I explained the situation, indicating who I was, and what I was going to be doing, and then emphasized that was the very last flight that would get me where I needed to go.    The attendant merely looked at me and told me she was sorry.   The flight was already departing and she would get me on the next available flight.  To say I was upset would be putting it mildly.

 In the meantime, a young man had been standing behind   the counter listening to our exchange.  He asked for my ticket, looked me dead in the eye, and said, “Mr. Russell, I heard your situation.  We’re gonna’ get you on that plane.” I watched as the plane backed back up to the gate and they had me take the first available seat.    To this day, I remember taking a seat by the window.  Looking out, I could see back to the terminal gate and in the window I saw the gentleman that helped me.  Dressed in his blue suit, the tiny lock of black hair dangling gently on his forehead, the red cape flowing in the breeze, and the big yellow “S” on his chest.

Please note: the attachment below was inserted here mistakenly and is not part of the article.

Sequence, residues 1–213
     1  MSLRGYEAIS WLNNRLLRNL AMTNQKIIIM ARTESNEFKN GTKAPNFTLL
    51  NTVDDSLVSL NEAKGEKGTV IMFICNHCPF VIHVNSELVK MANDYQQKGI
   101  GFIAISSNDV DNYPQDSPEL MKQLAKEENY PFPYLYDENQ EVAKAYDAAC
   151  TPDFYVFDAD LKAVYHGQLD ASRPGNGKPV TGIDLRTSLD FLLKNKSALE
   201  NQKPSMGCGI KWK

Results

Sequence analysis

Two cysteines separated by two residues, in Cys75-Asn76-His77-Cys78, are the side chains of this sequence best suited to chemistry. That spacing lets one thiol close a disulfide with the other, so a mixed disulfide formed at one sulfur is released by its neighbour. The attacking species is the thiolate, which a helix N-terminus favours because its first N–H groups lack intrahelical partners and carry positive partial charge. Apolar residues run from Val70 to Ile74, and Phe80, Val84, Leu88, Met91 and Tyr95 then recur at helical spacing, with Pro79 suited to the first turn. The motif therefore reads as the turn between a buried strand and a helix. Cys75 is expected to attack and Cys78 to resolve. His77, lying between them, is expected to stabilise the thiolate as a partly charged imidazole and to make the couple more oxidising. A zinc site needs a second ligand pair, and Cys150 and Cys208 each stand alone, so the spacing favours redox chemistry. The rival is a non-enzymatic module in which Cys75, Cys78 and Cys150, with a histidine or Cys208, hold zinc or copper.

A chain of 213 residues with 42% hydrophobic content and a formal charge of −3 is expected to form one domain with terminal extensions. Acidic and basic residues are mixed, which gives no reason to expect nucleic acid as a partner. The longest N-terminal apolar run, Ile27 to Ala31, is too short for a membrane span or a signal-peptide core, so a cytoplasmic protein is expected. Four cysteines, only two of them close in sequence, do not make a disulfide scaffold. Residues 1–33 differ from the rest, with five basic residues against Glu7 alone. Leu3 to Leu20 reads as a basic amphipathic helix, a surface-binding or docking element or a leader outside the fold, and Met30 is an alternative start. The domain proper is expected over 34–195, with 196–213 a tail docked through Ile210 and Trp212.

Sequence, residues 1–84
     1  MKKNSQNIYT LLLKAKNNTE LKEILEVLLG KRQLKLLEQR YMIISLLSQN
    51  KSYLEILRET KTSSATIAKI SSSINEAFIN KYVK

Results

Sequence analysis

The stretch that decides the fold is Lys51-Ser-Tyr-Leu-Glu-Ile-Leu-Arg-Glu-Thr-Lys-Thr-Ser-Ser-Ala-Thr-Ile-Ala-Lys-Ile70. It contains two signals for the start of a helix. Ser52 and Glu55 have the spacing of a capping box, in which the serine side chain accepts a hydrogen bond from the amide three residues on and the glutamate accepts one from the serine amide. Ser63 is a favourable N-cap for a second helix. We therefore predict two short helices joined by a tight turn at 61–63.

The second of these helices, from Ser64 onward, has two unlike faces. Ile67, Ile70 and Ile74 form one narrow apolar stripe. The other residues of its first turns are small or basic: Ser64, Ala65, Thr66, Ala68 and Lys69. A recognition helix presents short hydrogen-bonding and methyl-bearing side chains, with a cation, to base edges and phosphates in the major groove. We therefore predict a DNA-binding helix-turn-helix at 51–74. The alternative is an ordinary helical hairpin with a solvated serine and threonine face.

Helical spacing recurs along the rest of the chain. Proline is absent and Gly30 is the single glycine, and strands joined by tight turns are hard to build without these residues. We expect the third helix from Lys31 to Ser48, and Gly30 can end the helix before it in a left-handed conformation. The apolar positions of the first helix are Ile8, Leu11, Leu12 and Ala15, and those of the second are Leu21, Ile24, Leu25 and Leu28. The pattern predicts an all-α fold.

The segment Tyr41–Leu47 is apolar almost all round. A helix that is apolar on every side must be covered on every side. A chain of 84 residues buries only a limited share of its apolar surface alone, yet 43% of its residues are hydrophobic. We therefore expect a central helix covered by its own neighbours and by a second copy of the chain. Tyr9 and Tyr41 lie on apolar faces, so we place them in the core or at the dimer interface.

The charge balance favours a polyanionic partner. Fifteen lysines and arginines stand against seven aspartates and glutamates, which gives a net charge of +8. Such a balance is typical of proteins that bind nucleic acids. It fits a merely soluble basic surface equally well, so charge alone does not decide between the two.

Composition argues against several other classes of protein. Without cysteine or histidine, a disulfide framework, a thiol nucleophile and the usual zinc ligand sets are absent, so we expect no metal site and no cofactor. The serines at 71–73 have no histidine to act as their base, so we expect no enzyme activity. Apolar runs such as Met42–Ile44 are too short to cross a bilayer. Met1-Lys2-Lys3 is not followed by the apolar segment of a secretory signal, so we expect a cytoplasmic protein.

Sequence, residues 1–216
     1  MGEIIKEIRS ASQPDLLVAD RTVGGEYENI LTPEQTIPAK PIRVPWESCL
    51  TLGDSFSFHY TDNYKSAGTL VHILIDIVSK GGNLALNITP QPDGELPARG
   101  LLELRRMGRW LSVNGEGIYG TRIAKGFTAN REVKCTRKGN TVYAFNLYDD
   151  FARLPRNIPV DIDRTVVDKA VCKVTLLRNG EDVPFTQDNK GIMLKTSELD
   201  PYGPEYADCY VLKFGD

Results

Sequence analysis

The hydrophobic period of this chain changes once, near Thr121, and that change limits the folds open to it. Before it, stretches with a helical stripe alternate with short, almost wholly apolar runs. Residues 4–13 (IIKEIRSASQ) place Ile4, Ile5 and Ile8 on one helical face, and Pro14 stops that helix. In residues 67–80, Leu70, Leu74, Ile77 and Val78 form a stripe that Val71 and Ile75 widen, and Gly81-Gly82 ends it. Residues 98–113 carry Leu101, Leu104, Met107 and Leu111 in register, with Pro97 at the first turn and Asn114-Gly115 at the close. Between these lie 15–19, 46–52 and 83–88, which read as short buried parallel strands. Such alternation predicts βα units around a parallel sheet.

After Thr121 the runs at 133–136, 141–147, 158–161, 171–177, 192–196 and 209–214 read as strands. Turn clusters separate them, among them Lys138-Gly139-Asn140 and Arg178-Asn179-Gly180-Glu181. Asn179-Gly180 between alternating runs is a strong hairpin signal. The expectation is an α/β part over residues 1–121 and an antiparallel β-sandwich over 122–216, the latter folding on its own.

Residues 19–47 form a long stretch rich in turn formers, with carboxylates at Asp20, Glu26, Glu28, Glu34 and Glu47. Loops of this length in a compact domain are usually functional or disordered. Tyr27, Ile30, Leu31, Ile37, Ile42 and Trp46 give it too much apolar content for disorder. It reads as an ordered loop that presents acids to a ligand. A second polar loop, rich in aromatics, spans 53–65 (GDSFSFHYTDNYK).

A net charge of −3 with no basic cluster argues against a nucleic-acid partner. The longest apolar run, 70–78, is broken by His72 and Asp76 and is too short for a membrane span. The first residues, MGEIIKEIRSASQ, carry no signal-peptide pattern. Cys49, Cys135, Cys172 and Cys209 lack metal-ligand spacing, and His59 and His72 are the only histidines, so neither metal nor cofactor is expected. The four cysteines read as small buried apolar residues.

Well, maybe he wasn’t really Superman.  But he saved my day and what I thought about that airline and whether I would ever fly them again might have depended on his actions that day.    But one thing was for sure – the flight attendant – she was in the airlines business.  The gentleman that got me on that plane, he was in the “people business”.  He knew about Positively Outrageous Service before there was a term for it.

As you go about your day at the lake, working to grow your business, you need to ask yourself  one question – what business are you in?